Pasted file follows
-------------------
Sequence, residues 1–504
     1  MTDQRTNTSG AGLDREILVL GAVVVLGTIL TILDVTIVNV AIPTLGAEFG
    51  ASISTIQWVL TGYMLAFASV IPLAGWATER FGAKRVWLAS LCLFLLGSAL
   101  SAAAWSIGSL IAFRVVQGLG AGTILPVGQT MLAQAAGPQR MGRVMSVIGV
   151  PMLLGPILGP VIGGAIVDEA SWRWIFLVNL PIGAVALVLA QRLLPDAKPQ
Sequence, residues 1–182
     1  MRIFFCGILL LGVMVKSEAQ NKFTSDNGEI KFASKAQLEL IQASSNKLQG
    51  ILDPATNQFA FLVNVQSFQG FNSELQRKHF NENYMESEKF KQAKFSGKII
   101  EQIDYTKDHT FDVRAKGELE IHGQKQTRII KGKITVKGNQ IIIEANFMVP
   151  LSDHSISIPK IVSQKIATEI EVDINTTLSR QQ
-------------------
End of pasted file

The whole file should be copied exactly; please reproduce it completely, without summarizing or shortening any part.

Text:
Sequence, residues 1–504
     1  MTDQRTNTSG AGLDREILVL GAVVVLGTIL TILDVTIVNV AIPTLGAEFG
    51  ASISTIQWVL TGYMLAFASV IPLAGWATER FGAKRVWLAS LCLFLLGSAL
   101  SAAAWSIGSL IAFRVVQGLG AGTILPVGQT MLAQAAGPQR MGRVMSVIGV
   151  PMLLGPILGP VIGGAIVDEA SWRWIFLVNL PIGAVALVLA QRLLPDAKPQ
Sequence, residues 1–182
     1  MRIFFCGILL LGVMVKSEAQ NKFTSDNGEI KFASKAQLEL IQASSNKLQG
    51  ILDPATNQFA FLVNVQSFQG FNSELQRKHF NENYMESEKF KQAKFSGKII
   101  EQIDYTKDHT FDVRAKGELE IHGQKQTRII KGKITVKGNQ IIIEANFMVP
   151  LSDHSISIPK IVSQKIATEI EVDINTTLSR QQ